Wednesday, May 30, 2007

Modern conceits, man from Mars, baby in the well


I have just finished reading Ramsay MacMullen's Voting about God in Early Church Councils and I haven't entirely made up my mind about it. I will say that I'm grateful to the book vendor at Kalamazoo who had it on display!

MacMullen's books are not your usual academic tome. Voting like others of his works is based on vast scholarship, but the presentation of his ideas has been boiled down to a mere 118 pages (notes not included). This is thanks to a concise, allusive prose that occasionally takes some work to figure out. But there is no bafflegab or shilly-shallying here. Did MacMullen ever study the Roman historian Tacitus? This is an opinionated work and MacMullen has no time -- being nearly 80 -- to appease unsympathetic critics.

MacMullen appears a classicist through and through but there are some touches that really mae the book seem alive and dust-free.

First let's look at the opening lines:
Before getting very far into a subject so familiar as the formation of Christian creeds, it may help to think of it for a moment in a detached way. If the distance between it and ourselves can be brought out--if we can try to see the scene and its actors afresh and in all their strangeness -- we may bring a more curious eye to our observation, we may really look, taking nothing for granted.

Suppose for a moment that a visitor from Mars asked about the setting for this essay--and no one more detached can be imagined--might he not need to be told the most obvious things?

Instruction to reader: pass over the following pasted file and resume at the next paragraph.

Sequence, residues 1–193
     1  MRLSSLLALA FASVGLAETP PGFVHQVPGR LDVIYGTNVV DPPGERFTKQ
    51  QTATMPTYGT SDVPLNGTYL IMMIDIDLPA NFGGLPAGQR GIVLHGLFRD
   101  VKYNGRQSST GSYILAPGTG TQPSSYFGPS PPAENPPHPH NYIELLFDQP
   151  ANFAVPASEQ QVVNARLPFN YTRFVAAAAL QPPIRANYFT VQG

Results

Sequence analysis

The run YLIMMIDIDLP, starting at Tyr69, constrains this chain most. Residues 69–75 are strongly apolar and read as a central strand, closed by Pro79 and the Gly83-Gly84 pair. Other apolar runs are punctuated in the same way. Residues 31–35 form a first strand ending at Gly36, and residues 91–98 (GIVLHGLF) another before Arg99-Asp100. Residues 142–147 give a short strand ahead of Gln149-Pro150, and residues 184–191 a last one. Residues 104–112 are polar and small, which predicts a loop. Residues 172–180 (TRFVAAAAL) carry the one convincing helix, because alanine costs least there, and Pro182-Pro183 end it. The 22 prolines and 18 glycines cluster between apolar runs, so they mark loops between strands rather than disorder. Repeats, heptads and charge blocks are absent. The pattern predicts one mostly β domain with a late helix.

Well, no classicist or church historian that I'm aware of has begun an essay like that! The funny thing, though, I've been using the conceit of a visiting or observing Martian for decades for similar purposes, imitating the one person I know who's been doing it longer, my friend and sometime collaborator Phil Paine. He uses it a little differently, to force himself and his listener to take the Yakuts and the Patagonians and the Mordovians to be roughly as worthy of attention as the Swiss, the Swedes and the Californians if you are generalizing about humanity as a whole. Recently I've breezed past blog entries where the visiting Martian has made a brief appearance lending perspective, and I have to wonder, is this becoming more common? If so, if people take the exercise in perspective seriously, good!

Another passage of MacMullen's leaves me with mixed feelings. Talking about the widespread interest in doctrinal disputes during the later Roman empire, he says (p.35-36):
Our sense of how absolutely wonderful we ourselves are in our modern world may lead us to discount the capacity of the capacity of the ancient: for example, the capacity to disseminate ideas so as to engage popular interest...Their understanding of such major realities...beyond their own back-door, or realities that counted -- was not like the modern sort confined to meretricious photo ops, celebrities, or babies stuck in wells. Hence my supposing more consequential communication in this period of the empire than generally in our own world today.
Oh, Tacitus redivivus, you burst the balloon of our self-regard!

But when I get beyond my admiration for this passage, I wonder about it. I understand MacMullen's disgust for what passes for "media coverage;" in an era where the US constitution is being gutted and the treasury plundered (with inevitable consequences for the non-American world), the coverage all too often goes to (in a current phrase) Missing White Women. But is the comparison valid? Maybe Dr. MacMullen should look past cable news to the places where people who are interested in consequential matters meet and discuss more easily than ever before.

Also, I find this passage a bit odd in that I think Dr. MacMullen's personal opinion of church controversies is not really all that high. But more on the content of the book later.

Finally, the remark about the baby in the well made me wonder, what about that baby in the well? My younger readers may never have heard of that baby (Midland, Texas, 1987) but she was real and she was rescued, and if this website is accurate, she's a healthy adult today.

Image: Marvin the Martian, one of those hostile, all-too-engaged-in-Earthly-affairs Martians.

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